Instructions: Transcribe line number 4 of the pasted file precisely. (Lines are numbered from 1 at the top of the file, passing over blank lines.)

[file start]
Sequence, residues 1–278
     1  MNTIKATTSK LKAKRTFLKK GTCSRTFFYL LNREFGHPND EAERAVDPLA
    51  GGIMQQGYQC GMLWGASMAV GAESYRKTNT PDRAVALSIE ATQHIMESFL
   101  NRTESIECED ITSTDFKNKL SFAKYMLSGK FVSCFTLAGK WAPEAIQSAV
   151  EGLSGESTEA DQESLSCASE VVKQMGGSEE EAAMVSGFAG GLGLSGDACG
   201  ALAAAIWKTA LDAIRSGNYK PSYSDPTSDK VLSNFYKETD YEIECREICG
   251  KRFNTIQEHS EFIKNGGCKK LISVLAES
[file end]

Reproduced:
   101  NRTESIECED ITSTDFKNKL SFAKYMLSGK FVSCFTLAGK WAPEAIQSAV